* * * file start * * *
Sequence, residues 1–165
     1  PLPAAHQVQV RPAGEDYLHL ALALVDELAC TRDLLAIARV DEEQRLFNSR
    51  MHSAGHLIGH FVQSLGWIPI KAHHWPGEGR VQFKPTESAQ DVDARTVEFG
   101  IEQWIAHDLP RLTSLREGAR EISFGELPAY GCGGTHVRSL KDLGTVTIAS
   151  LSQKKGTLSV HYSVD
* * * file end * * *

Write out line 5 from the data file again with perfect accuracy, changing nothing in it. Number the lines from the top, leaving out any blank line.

   151  LSQKKGTLSV HYSVD